The LDL drop is big enough to be meaningful but again, both readings are within the normal range. If LDL is calculated rather than measured it may be inaccurate. A possible reason for the drop could be the higher carb consumption. Other possible causes I know about are higher thyroid hormone levels (perhaps contradicted by the TSH change, but consistent with the increased carb consumption), certain infections, or a lipid deficient diet (I don’t think that’s the case for you).

      I think it’s generally a good idea to supplement at least enough iodine to avoid a deficiency condition. But I don’t consider these test results to be signs of iodine deficiency.

  30. Paul,

    What test results would you consider to be a sign of iodine deficiency?

    One school of thought is not to supplement with iodine if thyroid antibodies are high and to work to get them down before starting.My TPO is 107 others are normal. Free t4 is 1.01(.82-1.77). I take 50mcgs t4 and separate t3. Do you think adding iodine, 225mcgs, and say a brazil nut or two every day will help Hashis healing? I do also take LDN 1.5. I started PHD about a month ago from pretty strict paleo. I do feel more balanced and don’t want to create a flare. If I knew I needed the iodine I would absolutely do it. What will tell me that?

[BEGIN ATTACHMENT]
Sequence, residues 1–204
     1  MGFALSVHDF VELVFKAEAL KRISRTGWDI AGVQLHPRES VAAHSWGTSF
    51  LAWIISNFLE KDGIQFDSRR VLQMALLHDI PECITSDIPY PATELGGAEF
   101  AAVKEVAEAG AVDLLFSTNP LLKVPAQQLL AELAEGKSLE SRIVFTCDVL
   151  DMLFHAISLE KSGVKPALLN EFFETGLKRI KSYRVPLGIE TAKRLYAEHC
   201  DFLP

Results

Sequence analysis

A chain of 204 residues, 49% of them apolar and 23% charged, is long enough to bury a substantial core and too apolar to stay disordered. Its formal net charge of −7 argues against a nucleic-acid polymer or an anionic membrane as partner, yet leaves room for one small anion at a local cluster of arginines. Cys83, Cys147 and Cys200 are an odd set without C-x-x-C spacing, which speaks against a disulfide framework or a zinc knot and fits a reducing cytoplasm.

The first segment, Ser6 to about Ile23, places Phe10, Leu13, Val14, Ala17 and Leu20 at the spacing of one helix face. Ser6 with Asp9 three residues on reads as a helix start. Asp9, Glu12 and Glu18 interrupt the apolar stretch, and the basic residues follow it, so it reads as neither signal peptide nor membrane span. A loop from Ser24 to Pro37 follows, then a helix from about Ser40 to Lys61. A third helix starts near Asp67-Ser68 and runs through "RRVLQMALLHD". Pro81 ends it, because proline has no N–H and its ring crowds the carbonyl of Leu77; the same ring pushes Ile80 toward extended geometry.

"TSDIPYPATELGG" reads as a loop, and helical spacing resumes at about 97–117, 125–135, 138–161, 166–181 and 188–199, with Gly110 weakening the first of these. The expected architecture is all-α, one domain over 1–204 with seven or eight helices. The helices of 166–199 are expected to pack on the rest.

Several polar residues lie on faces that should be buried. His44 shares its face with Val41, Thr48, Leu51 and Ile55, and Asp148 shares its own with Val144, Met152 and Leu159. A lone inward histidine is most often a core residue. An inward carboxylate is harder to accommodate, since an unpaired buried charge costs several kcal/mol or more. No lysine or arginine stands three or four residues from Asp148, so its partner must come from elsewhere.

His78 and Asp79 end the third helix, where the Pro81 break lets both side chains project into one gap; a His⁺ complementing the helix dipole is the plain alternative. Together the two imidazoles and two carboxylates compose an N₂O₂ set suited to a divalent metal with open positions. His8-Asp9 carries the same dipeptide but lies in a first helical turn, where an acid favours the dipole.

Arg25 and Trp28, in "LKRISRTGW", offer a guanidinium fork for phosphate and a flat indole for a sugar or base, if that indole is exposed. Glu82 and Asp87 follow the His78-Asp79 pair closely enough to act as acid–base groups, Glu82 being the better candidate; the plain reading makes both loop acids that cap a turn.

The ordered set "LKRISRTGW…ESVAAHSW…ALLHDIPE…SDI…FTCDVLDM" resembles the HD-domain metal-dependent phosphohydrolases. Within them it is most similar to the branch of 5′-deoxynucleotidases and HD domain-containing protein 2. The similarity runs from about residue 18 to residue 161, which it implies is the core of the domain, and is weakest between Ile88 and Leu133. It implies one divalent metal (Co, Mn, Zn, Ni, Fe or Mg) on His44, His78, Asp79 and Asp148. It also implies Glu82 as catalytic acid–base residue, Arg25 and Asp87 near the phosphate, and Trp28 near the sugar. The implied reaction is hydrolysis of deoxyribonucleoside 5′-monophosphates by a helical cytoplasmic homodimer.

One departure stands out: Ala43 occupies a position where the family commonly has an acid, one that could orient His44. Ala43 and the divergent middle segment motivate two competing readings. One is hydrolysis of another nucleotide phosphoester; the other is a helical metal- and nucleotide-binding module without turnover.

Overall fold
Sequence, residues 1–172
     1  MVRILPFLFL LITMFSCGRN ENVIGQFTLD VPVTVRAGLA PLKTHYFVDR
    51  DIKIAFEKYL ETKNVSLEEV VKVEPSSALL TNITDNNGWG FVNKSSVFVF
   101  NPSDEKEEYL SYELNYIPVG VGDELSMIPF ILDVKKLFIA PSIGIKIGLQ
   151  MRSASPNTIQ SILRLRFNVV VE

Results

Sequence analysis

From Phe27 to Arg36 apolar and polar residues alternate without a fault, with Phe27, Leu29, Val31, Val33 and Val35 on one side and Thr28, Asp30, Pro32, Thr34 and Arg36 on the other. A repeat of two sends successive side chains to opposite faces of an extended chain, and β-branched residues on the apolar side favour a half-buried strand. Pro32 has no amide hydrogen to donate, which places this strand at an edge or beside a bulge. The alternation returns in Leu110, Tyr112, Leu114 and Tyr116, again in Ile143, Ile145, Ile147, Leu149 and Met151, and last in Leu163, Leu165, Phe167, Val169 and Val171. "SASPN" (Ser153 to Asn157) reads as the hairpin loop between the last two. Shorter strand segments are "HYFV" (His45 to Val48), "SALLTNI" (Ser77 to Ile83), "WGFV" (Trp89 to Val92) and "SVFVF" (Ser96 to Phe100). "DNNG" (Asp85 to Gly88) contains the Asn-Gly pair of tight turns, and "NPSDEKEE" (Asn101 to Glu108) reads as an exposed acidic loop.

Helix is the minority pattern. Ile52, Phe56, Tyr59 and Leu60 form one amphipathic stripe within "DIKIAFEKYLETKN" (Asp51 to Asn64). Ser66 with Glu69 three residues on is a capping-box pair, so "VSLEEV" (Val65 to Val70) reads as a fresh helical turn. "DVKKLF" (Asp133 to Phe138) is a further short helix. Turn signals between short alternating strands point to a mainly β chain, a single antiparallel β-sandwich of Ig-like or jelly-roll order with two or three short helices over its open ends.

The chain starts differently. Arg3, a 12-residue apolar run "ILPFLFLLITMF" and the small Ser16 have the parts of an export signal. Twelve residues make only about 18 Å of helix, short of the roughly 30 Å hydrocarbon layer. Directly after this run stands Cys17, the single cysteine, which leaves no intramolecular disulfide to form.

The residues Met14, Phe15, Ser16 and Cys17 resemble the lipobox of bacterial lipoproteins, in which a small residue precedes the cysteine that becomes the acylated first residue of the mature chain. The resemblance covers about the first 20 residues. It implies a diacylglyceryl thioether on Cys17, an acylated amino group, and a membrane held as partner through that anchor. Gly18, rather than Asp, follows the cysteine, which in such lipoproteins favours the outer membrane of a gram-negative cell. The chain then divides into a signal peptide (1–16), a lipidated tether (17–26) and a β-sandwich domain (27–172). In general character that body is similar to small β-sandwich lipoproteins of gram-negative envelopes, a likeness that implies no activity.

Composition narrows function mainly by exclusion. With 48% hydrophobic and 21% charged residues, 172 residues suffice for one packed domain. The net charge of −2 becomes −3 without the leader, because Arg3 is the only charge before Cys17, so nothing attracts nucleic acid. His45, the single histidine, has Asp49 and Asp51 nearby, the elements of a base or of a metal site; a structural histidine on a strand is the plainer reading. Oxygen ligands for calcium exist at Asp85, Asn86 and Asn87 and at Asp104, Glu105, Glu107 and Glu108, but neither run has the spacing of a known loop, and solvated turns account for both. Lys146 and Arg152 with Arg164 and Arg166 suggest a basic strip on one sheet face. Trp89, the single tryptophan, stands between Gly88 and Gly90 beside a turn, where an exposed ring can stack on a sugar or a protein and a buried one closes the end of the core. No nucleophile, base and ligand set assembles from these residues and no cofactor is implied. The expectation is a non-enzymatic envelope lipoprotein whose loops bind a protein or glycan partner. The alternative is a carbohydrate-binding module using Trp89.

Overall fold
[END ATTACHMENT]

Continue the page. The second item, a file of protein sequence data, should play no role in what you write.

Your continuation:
Thanks.

    Jan

    • Hi Jan,

      Yes, I think taking 225 mcg iodine will support thyroid function. You don’t know how much of your hypothyroidism is due to Hashi’s and how much to deficiency conditions, so make sure you are not deficient. Also, high or low selenium will cause more trouble if iodine is low, and it’s hard to control selenium intake, so it’s just better to have some iodine available.

      Give the iodine a month before you try to judge whether it’s working. Ideally, it may permit you to reduce your T4/T3 intake. Regular testing of thyroid hormone levels can help you judge what’s going on.

  31. Thanks Paul. I will check back with you after a month!

  32. Hi Paul,